As fun as smartphones are, they're hard to accessorize. You can add a case, change up the lock screen, certainly personalize with the apps you add and the ring tone — but the shape, size and add-ons are fairly baked into the design. Not so with Motorola's Moto Z Play, which launched two years ago, and came with a bevy of modular pieces including a battery pack, projector and a speaker. The newest edition of the Z Play is the Moto Z3 Play, which Motorola sent to us to test.
The $499.99 Moto Z3 Play itself is fairly slim: weighing 156 g and measuring 76.5 x 156.5 x 6.75 mm. You get a 6-inch nearly edge-to-edge HD 18:9 display, which is covered in Gorilla Glass. The whole phone feels nice in the hands — the edges are curved and sleek. The phone is only splash-resistant — not waterproof at all. So don't bring it near the bathtub, or even in a heavy rainstorm.
The new Z3 Play is a thinner phone than previous versions, and with that came a significant sacrifice: the 3.5 mm headphone jack. Yes, there's an adapter that comes with the phone for the USB type-C charger port, but that's one more thing to keep track of with your phone. You're also limited to headphone use or charging the device. While most experts recommend not using a smartphone while it's charging, few of us follow that rule, and the missing jack is a drawback.
This is an Android device, so you're going to use Google's main smartphone operating system. You also get Google Lens baked inside, which identifies what you're seeing through the camera. This feature is still hit and miss, but it's clever, an early use of augmented reality — and we expect Google Lens to improve dramatically over time.
Motorola, however, has some unique shortcuts that you can use with the Moto Z3 Play. Some include twisting your wrist quickly twice to open the camera, using three fingers to touch the screen at once to grab a screenshot, and chopping you wrist twice to turn on the flashlight. That's easier said than done, and took several tries before the flashlight motion worked — maybe my karate chops weren't swift or decisive enough. A favorite is likely to be flipping the phone on its back to create a Do Not Disturb action — extremely handy in situations where you may not want your phone off, but you also want to be able to silence it immediately.
The Moto Z3 Play comes with a fast charging cord, which can charge the 3000 mAh battery in just half an hour. The phone also came boxed with the extra Moto Power Pack, which launched just this year, an extra 2,200 mAh of juice. You get that for free, but then again you're paying $500 for the entire set.
I almost never had to tap into this battery — save for one stretch when I drained the phone. Together, the two batteries extend the power for up to 40 hours. But the weight — and thickness — of the phone with the battery on it is noticeable, and not in a great way.
The addition of this mod turns the super slim phone into a much more rugged device. You can still slip this into a back pocket. But it's thicker — and it's heavier. For a long stretch where you may not know if charging is available, like an all-day hike, that's fine. For regular days at work it felt excessive.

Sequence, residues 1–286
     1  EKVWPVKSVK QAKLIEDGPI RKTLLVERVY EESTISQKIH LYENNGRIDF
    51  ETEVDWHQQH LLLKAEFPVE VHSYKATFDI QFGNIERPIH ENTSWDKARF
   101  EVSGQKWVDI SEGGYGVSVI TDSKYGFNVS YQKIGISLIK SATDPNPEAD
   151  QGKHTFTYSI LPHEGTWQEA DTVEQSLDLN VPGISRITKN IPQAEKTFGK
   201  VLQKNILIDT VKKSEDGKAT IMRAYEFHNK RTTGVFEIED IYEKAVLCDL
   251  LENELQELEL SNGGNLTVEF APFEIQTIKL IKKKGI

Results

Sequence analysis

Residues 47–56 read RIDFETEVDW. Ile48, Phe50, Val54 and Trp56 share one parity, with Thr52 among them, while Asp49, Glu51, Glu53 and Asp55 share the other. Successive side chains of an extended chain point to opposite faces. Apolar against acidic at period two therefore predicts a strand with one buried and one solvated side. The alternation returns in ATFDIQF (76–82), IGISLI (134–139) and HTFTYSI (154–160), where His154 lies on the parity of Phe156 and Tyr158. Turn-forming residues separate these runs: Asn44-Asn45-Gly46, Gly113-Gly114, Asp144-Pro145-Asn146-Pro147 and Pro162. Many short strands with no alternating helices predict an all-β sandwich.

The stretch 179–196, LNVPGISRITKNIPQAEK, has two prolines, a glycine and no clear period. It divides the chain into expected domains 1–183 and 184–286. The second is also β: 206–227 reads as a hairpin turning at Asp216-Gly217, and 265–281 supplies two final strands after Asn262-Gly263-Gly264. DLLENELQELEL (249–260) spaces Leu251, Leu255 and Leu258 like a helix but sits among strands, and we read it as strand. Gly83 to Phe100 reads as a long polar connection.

Motorola has added three different ways to secure the Moto Z3 Play. There's the classic pin code method, but also a facial recognition feature which works through the front-facing camera. A fingerprint sensor is also baked in, which sits on the right side of the phone. I found that sensor actually very comfortable, and fairly innate in its placement — a spot where I actually hold the phone.
This feature, which Motorola notes is in beta, is a voice assistant that lets you use commands by speaking them out loud. The phone has four noise-canceling microphones, so even if you're somewhere fairly loud, the phone should be able to hear you. Will you use this in place of Google Assistant? Perhaps, although Google Assistant is one more people likely already use instinctively.
Should you buy the Moto Z3 Play?
The Moto Z3 Play is a fun device for those who like to add accessories to their phone. Like a gaming system that releases new peripherals, the Z3 Play comes with a colorful assortment of mods that snap on to the back of the phone letting you change up your features ridiculously easily.
But there's little reason to upgrade to the new device, particularly if you're still holding on to the last model. The $500 sticker price is hefty, and while you do get a bigger screen, the new version doesn't upgrade its past model enough to justify the switch — even with the extra battery pack thrown in for free.
If you're new to the entire modular phone line from Motorola — and they sound appealing in an accessories way — then for the fun of it, definitely consider the device. We'll also be reviewing two of the mods: the Hasselblad True Zoom camera mod and the Motorola Smart Speaker with Amazon Alexa speaker, to see if the mods are a pull as well. (Check out The GearBrain, our smart home compatibility checker to see the other compatible products that work with Amazon Alexa.)
- Fast charging, good battery life
- Moto short cuts
- Natural placement of its fingerprint sensor
- Weight and size increases substantially with any Mod
- Missing headphone jack